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M. Krishnaswami Naicker Vs. A. Thiruvengada Mudaliar and anr. - Court Judgment

LegalCrystal Citation
SubjectLimitation;Civil
CourtChennai
Decided On
Reported inAIR1935Mad245; 157Ind.Cas.272; (1935)68MLJ63
AppellantM. Krishnaswami Naicker
RespondentA. Thiruvengada Mudaliar and anr.
Cases ReferredSee Ramakrishna Chetty v. Venkatasubbiah Chetty
Excerpt:
- .....there is no provision in the act so retrospective in its effect as to revive and make effective a barred right. see the observations of the judicial committee in sachindranath roy v. maharaj bahadur singh .3. section 20 has been amended by act i of 1927, which came into force from 1st january, 1928, and long before that date the plaintiffs' right had become unenforceable by lapse of time. the reason therefore, on which the learned judges of the full bench rest their judgment, is unsound; but their conclusion can, i think, be supported on another ground. according to the cases decided under the repealed section, although the writing owing to some defect does not fulfil the requirements of section 20, it may nevertheless as an acknowledgment of liability operate to save the claim under.....
Judgment:

Venkatasubba Rao, J.

1. The trial Judge found that though the second endorsement was signed by the defendant, it was not in his handwriting. Unfortunately, he has not recorded a finding on the question whether or not there was a part-payment as mentioned in the endorsement; the judgment proceeds. I take it, upon the assumption that there was such a part-payment. The prevailing view of the law was, that a part-payment to be effectual under Section 20 of the Indian Limitation Act, must be in the case of a literate person appear in his handwriting and that it is not sufficient that he has merely signed it. In accordance with this view, the learned trial Judge, finding that the claim was barred, dismissed the suit. The Full Bench of the Small Cause Court reversed this decision on the ground that the amended Section has done away with this requirement.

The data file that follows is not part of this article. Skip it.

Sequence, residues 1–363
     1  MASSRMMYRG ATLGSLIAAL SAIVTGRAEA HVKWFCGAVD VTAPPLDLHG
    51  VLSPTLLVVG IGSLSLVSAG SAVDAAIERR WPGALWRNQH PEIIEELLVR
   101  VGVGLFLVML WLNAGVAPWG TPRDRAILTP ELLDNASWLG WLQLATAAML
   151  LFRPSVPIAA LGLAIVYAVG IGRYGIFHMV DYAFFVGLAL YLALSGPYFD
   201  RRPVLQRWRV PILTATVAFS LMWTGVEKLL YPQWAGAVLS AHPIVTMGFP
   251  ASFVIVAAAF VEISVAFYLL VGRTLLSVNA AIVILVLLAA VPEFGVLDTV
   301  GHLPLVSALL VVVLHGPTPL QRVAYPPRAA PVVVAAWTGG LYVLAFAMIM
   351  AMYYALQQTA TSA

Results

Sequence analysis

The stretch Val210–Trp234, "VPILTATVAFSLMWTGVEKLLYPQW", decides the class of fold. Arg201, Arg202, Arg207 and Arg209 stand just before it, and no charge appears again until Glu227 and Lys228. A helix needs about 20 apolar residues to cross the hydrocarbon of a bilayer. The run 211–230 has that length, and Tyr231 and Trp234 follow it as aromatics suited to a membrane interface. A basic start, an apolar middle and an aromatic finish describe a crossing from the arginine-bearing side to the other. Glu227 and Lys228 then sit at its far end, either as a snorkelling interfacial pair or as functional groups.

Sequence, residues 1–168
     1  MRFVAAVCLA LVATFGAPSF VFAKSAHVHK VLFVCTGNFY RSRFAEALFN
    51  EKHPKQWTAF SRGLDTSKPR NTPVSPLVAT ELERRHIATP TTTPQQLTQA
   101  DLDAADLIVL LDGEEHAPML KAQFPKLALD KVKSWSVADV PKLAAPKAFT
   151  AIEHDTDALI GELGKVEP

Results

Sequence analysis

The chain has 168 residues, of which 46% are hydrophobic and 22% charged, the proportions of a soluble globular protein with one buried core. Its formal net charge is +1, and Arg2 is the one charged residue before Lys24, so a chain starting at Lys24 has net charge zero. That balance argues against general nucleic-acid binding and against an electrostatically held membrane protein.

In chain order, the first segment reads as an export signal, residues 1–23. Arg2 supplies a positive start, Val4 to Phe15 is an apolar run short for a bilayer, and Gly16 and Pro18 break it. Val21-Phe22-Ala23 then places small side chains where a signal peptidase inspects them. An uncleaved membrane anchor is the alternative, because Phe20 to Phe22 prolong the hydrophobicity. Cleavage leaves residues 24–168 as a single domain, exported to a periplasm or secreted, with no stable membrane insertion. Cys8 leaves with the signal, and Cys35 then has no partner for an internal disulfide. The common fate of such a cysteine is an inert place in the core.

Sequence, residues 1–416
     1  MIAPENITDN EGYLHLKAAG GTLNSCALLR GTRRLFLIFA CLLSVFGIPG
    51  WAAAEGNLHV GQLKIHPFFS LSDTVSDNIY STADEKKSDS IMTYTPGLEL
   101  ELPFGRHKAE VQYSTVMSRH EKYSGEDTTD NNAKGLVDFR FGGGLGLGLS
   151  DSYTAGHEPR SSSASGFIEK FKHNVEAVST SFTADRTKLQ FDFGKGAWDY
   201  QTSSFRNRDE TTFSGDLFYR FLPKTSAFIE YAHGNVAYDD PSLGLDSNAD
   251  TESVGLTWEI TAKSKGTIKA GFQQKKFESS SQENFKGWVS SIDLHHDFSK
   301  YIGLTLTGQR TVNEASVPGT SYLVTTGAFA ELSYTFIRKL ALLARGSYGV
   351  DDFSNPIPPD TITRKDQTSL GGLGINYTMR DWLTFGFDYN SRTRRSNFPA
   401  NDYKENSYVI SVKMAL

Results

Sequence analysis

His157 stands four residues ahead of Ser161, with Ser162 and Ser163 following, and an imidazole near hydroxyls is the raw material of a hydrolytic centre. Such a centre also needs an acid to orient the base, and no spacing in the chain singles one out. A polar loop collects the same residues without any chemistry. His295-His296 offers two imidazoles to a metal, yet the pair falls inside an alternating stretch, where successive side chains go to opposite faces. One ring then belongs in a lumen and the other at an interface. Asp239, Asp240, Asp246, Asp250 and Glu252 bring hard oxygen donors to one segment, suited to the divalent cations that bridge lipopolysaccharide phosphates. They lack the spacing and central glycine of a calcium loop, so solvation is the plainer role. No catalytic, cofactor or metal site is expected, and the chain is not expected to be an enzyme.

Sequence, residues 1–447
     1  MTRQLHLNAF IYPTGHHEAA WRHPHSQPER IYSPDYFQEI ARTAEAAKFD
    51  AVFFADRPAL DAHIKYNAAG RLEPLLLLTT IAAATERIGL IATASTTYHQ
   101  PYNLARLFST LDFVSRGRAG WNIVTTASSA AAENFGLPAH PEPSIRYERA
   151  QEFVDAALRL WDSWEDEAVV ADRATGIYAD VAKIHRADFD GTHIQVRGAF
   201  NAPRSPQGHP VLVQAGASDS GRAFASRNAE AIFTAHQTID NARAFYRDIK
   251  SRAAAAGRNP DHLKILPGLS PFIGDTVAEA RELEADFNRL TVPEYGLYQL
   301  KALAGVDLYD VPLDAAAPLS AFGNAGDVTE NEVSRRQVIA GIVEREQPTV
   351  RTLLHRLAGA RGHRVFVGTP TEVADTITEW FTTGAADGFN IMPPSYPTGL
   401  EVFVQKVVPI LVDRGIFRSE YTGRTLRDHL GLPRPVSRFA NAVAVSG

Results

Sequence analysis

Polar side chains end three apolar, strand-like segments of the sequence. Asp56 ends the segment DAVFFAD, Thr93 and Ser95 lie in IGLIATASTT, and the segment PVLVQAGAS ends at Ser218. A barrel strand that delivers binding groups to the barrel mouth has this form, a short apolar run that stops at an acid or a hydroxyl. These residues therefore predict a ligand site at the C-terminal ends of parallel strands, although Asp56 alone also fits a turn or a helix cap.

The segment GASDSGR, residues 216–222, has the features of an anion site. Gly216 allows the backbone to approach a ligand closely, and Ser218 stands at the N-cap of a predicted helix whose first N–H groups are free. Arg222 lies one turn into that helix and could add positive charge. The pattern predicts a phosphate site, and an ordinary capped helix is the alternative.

2. The law has been made less stringent upon the point: either there should be an endorsement in the handwriting of the person making the payment, though unsigned or the writing should be signed by him, though not in his handwriting. But the Full Bench, in acting upon the Section as amended, has overlooked the principle that a new statute cannot revive barred debts. The Statute of Limitation, being a law of procedure, is generally retrospective in its operation, but there is no provision in the Act so retrospective in its effect as to revive and make effective a barred right. See the observations of the Judicial Committee in Sachindranath Roy v. Maharaj Bahadur Singh .

3. Section 20 has been amended by Act I of 1927, which came into force from 1st January, 1928, and long before that date the plaintiffs' right had become unenforceable by lapse of time. The reason therefore, on which the learned Judges of the Full Bench rest their judgment, is unsound; but their conclusion can, I think, be supported on another ground. According to the cases decided under the repealed section, although the writing owing to some defect does not fulfil the requirements of Section 20, it may nevertheless as an acknowledgment of liability operate to save the claim under Section 19. Although the respondents are not represented, Mr. P.R. Vasudeva Aiyar, the petitioner's Counsel, has very fairly referred me to the relevant cases on the point See Ramakrishna Chetty v. Venkatasubbiah Chetty (1914) 17 M.L.T. 139. Having regard to the terms of the endorsement in question, I must hold that it contains a sufficient acknowledgment of the plaintiffs' right to the balance of the amount due. Therefore, although, as I have said, the reason given by the Full Bench is wrong, I must uphold its decision.

4. In the result, the Civil Revision Petition fails and is dismissed.


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